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Publication numberUS7226182 B2
Publication typeGrant
Application numberUS 10/916,580
Publication dateJun 5, 2007
Filing dateAug 10, 2004
Priority dateAug 20, 2003
Fee statusPaid
Also published asCN1584244A, CN100402774C, US20050039789
Publication number10916580, 916580, US 7226182 B2, US 7226182B2, US-B2-7226182, US7226182 B2, US7226182B2
InventorsDae-won Kim
Original AssigneeSamsung Sdi Co., Ltd
Export CitationBiBTeX, EndNote, RefMan
External Links: USPTO, USPTO Assignment, Espacenet
Lighting block using solar cells
US 7226182 B2
Abstract
A lighting block using solar cells. A case covers an outer surface of the lighting block and includes a light transmission section, light being emitted and received through the light transmission section. A light emitting assembly is mounted within the case next to an inner surface of the light transmission. The light emitting assembly allows the transmission of sunlight therethrough. A solar cell assembly is mounted within the case next to the light emitting assembly. The solar cell assembly receives sunlight passing through the light transmission section and the light emitting assembly, and generates electric power. A capacitor is installed within the case and stores the electric power generated by the solar cell assembly. A controller installed within the case controls the supply of the stored electric power to the light emitting assembly.
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Claims(16)
1. A lighting block using solar cells, comprising:
a case including a light transmission section, light being emitted and received through the light transmission section;
a light emitting assembly mounted within the case adjacent an inner surface of the light transmission section, the light emitting assembly allowing transmission of sunlight through the light transmission section, wherein the light emmitting assembly includes a light guide plate mounted adjacent the inner surface of the light transmission section and light sources that irradiate light through a side wurface of the light guide plate;
a solar cell assembly mounted within the case adjacent the light emitting assembly, the solar cell assembly receiving sunlight passing through the light transmission section and the light emitting assembly, and generating electric power;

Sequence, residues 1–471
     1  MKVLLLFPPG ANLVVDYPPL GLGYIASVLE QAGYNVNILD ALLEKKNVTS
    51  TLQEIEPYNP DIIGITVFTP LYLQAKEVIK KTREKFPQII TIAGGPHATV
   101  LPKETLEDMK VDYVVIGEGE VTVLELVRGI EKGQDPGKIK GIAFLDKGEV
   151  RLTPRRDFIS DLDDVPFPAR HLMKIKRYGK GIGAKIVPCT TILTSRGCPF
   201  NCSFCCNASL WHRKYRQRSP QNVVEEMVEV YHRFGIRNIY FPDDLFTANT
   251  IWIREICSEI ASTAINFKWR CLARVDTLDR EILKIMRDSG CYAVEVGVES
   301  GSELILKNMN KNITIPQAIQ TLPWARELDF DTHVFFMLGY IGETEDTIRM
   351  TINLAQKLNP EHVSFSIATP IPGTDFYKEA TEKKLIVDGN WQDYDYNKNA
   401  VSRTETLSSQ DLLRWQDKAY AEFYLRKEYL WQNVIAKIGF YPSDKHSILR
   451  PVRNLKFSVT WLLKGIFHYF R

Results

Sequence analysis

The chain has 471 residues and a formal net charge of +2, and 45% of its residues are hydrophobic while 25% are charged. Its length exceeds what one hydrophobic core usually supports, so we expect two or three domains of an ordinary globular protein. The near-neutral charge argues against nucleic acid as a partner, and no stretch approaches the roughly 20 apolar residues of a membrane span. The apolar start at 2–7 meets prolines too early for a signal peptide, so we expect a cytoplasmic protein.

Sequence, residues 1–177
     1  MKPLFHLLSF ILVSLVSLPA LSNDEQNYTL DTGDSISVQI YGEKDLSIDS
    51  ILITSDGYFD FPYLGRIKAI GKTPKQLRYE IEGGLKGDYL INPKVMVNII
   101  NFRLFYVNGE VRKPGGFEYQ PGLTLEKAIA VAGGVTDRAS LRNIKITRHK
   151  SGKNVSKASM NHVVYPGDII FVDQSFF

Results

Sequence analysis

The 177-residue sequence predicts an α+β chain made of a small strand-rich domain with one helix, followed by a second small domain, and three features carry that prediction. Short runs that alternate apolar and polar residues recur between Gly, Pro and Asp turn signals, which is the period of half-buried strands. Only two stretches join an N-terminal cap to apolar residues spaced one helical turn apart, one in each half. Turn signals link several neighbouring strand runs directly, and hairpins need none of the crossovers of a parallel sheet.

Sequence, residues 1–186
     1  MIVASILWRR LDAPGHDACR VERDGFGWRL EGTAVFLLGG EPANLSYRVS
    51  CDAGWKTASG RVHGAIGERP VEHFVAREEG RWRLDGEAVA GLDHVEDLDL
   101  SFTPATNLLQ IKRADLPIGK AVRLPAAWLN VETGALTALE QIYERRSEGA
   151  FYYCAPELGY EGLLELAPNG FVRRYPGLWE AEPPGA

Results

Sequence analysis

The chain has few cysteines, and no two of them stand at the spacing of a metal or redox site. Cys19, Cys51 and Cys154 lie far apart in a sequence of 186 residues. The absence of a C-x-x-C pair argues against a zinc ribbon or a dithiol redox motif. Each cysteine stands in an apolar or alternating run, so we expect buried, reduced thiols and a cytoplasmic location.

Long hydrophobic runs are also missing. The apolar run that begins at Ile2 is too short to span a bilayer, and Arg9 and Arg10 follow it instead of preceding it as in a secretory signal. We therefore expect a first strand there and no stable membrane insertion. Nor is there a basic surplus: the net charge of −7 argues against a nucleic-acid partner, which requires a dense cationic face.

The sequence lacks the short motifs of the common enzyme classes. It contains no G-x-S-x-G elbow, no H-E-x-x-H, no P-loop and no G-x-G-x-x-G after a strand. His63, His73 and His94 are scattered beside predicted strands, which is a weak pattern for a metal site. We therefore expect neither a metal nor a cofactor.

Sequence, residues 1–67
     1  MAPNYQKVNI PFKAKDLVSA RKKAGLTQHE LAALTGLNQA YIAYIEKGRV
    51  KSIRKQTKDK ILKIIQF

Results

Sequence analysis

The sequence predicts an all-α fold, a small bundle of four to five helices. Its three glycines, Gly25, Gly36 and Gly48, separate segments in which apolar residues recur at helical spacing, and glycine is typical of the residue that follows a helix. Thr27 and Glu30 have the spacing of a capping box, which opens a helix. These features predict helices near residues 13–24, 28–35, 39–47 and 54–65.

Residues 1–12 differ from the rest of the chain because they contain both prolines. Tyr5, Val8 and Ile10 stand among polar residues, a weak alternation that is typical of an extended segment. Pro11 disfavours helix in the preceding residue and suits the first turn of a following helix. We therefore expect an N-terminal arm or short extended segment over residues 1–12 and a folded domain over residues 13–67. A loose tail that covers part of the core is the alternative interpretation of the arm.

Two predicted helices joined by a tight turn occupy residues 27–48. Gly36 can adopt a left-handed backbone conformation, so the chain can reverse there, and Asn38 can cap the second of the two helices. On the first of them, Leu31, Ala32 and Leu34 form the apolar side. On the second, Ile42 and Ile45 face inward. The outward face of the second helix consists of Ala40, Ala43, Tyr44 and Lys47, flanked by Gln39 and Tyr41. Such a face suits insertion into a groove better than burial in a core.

a capacitor installed within the case and storing the electric power generated by the solar cell assembly; and
a controller installed within the case and controlling the supply of stored electric power to the light emitting assembly;
wherein the light guide plaate includes a light reflecting assembly substantially parallel to the light transmission section and realized through protrusions formed on a surface of the light guide plate farthest from the light transmission section, the protrusions reflecting light from the light emitting assembly through the light transmission section.
2. The lighting block of claim 1, wherein the light guide plate is mounted in contact with a rear surface of the light transmission section or in separation from the inner surface of the light transmission section at a predetermined distance.
3. The lighting block of claim 2, wherein when the light guide plate is mounted in separation from the inner surface of the light transmission section at a predetermined distance, a transparent material is filled in the distance between the light guide plate and the inner surface of the light transmission section.
4. The lighting block of claim 3, wherein the transparent material is ethylene vinyl acetate (EVA).
5. The lighting block of claim 1, wherein the light guide plate is a transparent material.
6. The lighting block of claim 5, wherein the transparent material is one of poly carbonate, ethylene vinyl acetate (EVA), and acrylic resin including poly methyl metacrylate (PMMA).
7. The lighting block of claim 1, wherein the light guide plate includes a light scattering assembly substantially parallel to the light transmission section and realized through a surface of the light guide plate closest to the light transmission section.
8. The lighting block of claim 7, wherein the light reflecting assembly further includes a mirror sheet or a metal film.
9. The lighting block of claim 7, wherein the light scattering assembly is a light scattering sheet, with minute protrusions and depressions formed thereon by a sandblast process.
10. The lighting block of claim 1, wherein a dichroic mirror is coated on a surface of the light guide plate farthest from the light transmission section and substantially parallel to the light transmission section, the dichroic mirror selectively reflecting light of a specific wavelength.
11. The lighting block of claim 1, wherein the light sources are light-emitting apparatus including light bulbs and light-emitting diodes.
12. The lighting block of claim 1, wherein the case is made of one of glass and polycarbonate.
13. The lighting block of claim 1, wherein the solar cell assembly is realized through solar cells mounted at a predetermined distance from the light emitting assembly.